8.MICHAEL holding(WI)(60 tests)(ave=23.5)
It began intimidatingly far away. He turned, and began the most elegant long-striding run of them all, feet kissing the turf silently, his head turning gently and ever so slightly from side to side, rhythmically, like that of a cobra hypnotising its prey. Good batsmen tended not to watch him all the way lest they became mesmerised. To the umpires he was malevolent stealth personified so they christened him Whispering Death. No-one in the game has bowled faster. His over to Geoff Boycott in the cauldron of Kensington Oval early in 1981 has gone down in history as the finest, fastest, most ferocious gambit of all time. Five years earlier, towards the end of the drought-ridden summer of 1976, The Oval had become a wasteland, parched beyond recognition, with slow flat heart-breaking pitches, and it was on this, in the final Test of the season, through the simple device of bowling ramrod-straight at high pace and to a full length, that he conjured 14 wickets for 149, the finest match figures ever by a West Indian. Now in the commentary box, he is gentle but fearless, a rational critic who beguiles with his deep fruity measured Jamaican twang.

9.MICHAEL melle(SA)(7 tests)(ave=32)
Michael Melle was a quick right-arm bowler who took 5 for 113 on his debut against Australia at Johannesburg in 1949-50. He toured England in 1951, taking 50 wickets but was restricted after undergoing an operation during the series. He played only one Test that summer, taking 4 for 9 at The Oval. In Australia and New Zealand in 1952-53 he took another 14 Test wickets, and at Launceston took a career-best 9 for 22.

10.MICHAEL kasprowicz(aus)(38 tests)(ave=33)
Michael Kasprowicz seems to have been smiling appeals forever. As a 17-year-old he studied Western Australia's top order on Queensland debut in 1989-90 while his schoolmates were sitting final exams, and continued to pop up in unexpected places. Like India. A swing bowler who learned to weave outswingers on Gabba greentops, Kasprowicz matured into a subcontinental specialist with reverse-swing, heavy cut and a this-isn't-too-hot-for-another-over attitude. He bravely carried an injury-hit attack struck by Navjot Sidhu and Sachin Tendulkar in 1997-98, popped back in 2001 and returned in 2004 to help end India's 35-year hold. After three years mostly spent refining his efficient yet aggressive action with Queensland and Glamorgan, Kasprowicz celebrated his fifth recall in 2004 with 13 matches, his longest Test run. During the wildly successful year the prongs of McGrath, Gillespie and Kasprowicz were so sharp that Brett Lee ran their refreshments.
To call Kasprowicz a workhorse is unflattering even though the description matches his stamina and size - he was an Australian Schoolboys rugby forward. Regularly clocked faster than his new-ball counterparts (excluding Lee) from a shorter run, Kasprowicz's angle and dart-perfect line caused constant headaches for international left-handers in the style of Paul Reiffel, another under-rated third wheel. He became an important clean-up or go-to man and only four times in 2004 did he leave an innings without a wicket as he collected 47 victims. An intimidating and muscular presence at county and state level - he often broke bones in England and peer pressure from Pura Cup batsmen hurried his Test and one-day returns - Kasprowicz became Queensland's leading wicket-taker in 2003-04, but after missing most of 2006-07 he has a battle to stay ahead of his best man Andy Bichel. Back and groin problems, which started in South Africa and were irritated by the pre-Ashes boot camp, limited him to a season of eight deliveries for Queensland and he lost his Cricket Australia deal.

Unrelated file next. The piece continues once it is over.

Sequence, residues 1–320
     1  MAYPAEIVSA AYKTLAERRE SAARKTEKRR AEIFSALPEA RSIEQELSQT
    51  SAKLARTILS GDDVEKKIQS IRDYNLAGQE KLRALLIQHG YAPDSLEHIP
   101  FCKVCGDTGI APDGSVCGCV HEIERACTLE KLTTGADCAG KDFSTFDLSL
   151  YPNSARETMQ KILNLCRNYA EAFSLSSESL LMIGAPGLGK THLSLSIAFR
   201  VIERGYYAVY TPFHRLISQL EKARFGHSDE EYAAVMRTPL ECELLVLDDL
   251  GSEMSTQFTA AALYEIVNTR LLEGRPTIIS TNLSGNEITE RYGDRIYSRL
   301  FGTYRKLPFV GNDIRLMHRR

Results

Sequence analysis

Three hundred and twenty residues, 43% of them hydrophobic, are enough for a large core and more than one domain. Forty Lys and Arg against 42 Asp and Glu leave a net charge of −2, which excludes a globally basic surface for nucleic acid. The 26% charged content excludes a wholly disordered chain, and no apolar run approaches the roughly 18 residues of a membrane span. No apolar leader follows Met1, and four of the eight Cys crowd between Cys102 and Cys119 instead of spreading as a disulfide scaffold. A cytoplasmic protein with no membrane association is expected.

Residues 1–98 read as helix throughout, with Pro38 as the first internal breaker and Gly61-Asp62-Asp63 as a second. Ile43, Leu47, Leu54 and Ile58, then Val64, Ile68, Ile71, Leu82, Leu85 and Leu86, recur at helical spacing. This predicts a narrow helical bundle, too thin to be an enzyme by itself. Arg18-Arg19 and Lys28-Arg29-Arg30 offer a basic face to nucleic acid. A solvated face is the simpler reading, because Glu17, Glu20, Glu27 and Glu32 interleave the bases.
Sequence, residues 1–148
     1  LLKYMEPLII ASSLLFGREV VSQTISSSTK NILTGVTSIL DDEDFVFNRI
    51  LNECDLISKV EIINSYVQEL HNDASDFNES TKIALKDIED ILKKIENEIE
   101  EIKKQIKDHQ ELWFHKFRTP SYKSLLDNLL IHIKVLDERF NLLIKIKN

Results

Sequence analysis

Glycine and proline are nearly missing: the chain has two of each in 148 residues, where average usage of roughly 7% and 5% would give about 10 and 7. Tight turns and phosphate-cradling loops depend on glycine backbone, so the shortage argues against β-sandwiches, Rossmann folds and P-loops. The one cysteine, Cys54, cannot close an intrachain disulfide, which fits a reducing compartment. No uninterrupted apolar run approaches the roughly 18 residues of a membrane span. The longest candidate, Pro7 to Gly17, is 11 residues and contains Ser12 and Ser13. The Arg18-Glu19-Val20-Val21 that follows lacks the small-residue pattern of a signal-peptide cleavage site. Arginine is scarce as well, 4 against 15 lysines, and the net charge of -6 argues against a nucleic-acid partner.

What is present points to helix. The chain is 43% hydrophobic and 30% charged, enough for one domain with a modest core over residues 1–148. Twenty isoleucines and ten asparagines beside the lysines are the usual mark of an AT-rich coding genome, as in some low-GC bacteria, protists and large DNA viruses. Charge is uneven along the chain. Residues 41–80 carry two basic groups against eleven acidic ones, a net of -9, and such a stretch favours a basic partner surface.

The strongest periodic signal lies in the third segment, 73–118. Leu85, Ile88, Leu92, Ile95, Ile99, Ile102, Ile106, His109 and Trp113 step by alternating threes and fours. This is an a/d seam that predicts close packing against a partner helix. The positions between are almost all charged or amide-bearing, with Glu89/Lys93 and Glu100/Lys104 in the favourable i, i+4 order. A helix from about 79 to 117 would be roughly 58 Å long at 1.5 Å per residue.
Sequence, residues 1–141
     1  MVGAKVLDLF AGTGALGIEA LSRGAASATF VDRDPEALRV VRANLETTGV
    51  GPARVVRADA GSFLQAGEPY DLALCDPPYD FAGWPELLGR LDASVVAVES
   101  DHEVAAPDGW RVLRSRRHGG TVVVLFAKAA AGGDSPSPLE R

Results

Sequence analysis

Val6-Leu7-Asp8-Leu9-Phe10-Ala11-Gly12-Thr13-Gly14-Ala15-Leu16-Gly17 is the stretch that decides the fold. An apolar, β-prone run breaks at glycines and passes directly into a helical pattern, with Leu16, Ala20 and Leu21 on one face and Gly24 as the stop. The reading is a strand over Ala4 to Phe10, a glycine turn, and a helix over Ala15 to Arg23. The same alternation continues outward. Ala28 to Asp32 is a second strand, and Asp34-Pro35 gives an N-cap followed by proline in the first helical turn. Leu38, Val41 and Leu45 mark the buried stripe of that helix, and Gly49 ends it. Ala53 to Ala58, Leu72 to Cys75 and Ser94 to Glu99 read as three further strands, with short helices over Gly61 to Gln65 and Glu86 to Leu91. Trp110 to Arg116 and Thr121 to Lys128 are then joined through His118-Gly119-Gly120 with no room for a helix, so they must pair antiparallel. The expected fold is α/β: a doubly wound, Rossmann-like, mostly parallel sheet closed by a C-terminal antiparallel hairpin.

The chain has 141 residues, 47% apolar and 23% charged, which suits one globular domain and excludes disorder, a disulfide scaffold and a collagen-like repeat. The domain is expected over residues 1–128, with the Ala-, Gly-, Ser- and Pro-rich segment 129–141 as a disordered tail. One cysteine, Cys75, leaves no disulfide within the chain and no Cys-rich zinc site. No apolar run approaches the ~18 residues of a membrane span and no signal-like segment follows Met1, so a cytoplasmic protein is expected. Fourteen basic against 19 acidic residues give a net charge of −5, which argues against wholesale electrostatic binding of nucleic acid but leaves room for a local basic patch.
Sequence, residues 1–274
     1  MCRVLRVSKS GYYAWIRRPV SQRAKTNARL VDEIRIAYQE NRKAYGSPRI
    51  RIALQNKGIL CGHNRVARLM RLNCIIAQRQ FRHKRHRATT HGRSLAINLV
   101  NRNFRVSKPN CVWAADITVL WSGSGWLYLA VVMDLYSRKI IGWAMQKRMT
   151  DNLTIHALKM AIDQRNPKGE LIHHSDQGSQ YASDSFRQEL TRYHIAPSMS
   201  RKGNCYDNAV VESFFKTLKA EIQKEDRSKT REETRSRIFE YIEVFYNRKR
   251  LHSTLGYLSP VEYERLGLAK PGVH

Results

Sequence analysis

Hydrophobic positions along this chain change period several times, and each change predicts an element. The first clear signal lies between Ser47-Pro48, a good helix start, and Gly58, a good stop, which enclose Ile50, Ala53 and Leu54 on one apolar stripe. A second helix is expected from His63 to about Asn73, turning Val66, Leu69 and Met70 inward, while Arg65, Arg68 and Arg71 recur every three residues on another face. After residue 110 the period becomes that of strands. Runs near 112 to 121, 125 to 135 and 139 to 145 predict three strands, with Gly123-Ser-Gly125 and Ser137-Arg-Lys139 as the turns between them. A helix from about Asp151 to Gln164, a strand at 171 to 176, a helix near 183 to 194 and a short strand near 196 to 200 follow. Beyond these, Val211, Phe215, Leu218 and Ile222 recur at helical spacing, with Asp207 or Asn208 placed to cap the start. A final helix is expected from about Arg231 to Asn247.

Popular and cheerful off the field, `Kasper' has experienced the lows of being 12th man for Queensland's first Sheffield Shield win in 1994-95, waiting five months and three Tests for his first wicket and completing a regular do-si-do for a national place with Bichel. However, his greatest miss came during the 2005 Ashes series when his courageous 59-run partnership with Brett Lee at Edgbaston ended three short of victory. After adding 20 he gloved a contentious catch behind and England levelled the series 1-1. Returning from that tour on the outer, he responded with 44 Pura Cup wickets for the Bulls and was recalled for the trip to South Africa, where he and Lee reversed their Birmingham nightmare with a 19-run stand that earned a nail-biting two-wicket victory.

11.MICHAEL mason(NZ)(19 odi's)(ave=36.5)
Michael Mason earned his place in the New Zealand side the old fashioned way - by sheer hard work. Mason hails from Mangatainoka, not one of the more prolific development centres of New Zealand cricket, but he brings long valued work ethics associated with many country bowlers before him, including Ewen Chatfield, Harry Cave, Richard Collinge and Lance Cairns to name but a few. Like them, Mason is a solid and reliable performer; a workhorse to whom no task is too great. Mason has been dogged by injuries, but has kept lining up for more, and selection has been his reward. Making the next step is a well-timed challenge in his career. He was once described by John Bracewell as "the best line-and-length bowler in the country" and when he finally strung a few ODIs together, against Sri Lanka in 2006-07, he showed glimpses of that skill. His 4 for 24 in a Man-of-the-Match performance at Christchurch was the highlight and despite managing only one game in the tri-series in Australia, Mason was chosen in the 15-man World Cup squad.
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  #39  
Old August 12, 2007, 10:12 AM
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mod please change the thread name into
SAME NAME XI'S
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Old August 12, 2007, 06:45 PM
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no need to change the thread name.
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Old August 15, 2007, 11:31 PM
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Van " BD beater" Dort instead of Atherton? Bizarre to say the least bro ...
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Old September 1, 2007, 07:27 AM
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Quote:
Originally Posted by Sohel NR
Van " BD beater" Dort instead of Atherton? Bizarre to say the least bro ...
perhaps it's possible that atherton was a little too predictable